My emotions are all over the place after listening to the audiobook for The Glass Castle.
This is the first memoir I’ve taken upon myself to read. I usually find the idea of memoirs boring, as I am more of an “other-wordly” type of girl and, obviously, accounts of real life lack that certain kind of magic.
The life of Jeannette Walls is far more terrible, and somehow magical, than I could have ever imagined.
This story had so many feelings wrestling within me, but mostly just plain anger. I cannot BELIEVE half of what her parents put her through. What makes it even worse is that most, if not all, could have been prevented. And that which could not be, should have been handled so much better. Walls did not have an easy childhood, and yet she somehow found happiness through most of it, even when the rest of us would be completely defeated. Obviously, as she grew older and wiser, she started seeing what her parents were putting her through for what it was, but even after taking charge of her life and well-being, she still managed to hold onto the love for her parents that I, personally, would have probably walked away from.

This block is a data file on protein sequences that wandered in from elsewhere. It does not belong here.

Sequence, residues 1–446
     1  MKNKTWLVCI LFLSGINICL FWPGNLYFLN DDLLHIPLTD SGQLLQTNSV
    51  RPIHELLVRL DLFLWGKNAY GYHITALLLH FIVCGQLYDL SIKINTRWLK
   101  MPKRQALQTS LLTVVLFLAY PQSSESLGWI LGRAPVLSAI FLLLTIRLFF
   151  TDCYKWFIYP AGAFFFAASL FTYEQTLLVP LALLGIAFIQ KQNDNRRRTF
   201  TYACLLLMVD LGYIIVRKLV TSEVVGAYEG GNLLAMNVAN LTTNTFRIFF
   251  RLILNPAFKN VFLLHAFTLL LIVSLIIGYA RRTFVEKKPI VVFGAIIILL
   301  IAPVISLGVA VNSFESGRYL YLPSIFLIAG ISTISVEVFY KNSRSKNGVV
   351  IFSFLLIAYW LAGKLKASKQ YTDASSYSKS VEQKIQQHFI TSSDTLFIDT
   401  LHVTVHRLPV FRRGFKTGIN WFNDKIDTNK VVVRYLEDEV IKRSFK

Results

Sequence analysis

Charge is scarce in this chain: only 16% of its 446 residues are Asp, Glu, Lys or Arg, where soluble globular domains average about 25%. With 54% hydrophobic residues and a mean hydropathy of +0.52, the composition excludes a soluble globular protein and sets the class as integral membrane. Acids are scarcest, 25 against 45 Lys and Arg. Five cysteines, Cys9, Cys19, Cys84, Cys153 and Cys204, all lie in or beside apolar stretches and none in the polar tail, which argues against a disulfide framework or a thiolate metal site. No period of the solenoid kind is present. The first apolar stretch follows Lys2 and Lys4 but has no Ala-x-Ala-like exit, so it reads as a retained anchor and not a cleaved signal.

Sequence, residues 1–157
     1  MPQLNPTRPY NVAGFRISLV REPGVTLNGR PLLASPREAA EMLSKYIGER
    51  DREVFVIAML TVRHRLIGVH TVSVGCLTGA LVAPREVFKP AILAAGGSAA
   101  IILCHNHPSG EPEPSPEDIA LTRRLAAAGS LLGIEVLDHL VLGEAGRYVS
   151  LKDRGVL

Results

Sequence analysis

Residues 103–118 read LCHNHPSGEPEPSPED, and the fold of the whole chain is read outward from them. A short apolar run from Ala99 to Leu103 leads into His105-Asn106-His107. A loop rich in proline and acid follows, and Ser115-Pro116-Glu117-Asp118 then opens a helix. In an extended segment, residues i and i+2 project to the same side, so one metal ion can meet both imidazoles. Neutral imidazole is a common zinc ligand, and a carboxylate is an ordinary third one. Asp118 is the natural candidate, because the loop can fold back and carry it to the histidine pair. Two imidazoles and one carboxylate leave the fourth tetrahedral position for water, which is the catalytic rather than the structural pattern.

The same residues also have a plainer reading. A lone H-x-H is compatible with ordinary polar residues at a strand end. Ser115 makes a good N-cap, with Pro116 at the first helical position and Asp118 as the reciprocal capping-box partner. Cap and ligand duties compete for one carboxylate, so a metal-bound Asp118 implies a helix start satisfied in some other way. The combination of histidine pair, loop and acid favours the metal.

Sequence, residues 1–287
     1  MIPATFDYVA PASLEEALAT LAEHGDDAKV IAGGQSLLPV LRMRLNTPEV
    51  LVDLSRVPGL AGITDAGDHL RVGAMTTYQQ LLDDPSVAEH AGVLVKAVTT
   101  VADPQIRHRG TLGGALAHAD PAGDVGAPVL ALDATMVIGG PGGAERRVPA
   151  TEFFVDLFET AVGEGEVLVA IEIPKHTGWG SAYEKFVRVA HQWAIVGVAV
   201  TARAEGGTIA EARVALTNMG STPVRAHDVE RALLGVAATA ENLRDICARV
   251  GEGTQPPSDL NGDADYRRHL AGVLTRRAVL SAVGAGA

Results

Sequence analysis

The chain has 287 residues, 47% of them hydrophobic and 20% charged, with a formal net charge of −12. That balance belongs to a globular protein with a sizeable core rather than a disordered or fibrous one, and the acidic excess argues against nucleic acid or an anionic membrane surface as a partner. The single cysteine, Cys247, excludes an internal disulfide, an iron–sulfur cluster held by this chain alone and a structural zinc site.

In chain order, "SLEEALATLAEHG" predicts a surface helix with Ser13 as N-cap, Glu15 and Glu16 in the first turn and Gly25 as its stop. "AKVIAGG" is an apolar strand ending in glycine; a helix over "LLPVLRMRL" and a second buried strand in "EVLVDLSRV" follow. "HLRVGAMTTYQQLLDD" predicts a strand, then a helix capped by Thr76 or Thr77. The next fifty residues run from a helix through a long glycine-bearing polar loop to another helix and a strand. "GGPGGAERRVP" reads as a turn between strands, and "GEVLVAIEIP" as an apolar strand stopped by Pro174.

No child should go hungry because a mother believes self-esteem is more important than eating. No child should be denied medical care because a parent thinks modern medicine is some big conspiracy.
No child should suffer abuse (in so many forms) and have their parents make excuses for their attackers, if not outright ignoring them.
That Jeanette Walls survived, and later shared with the world, is a magic in it’s own right. This book isn’t easy to read. But anything worth doing is never easy.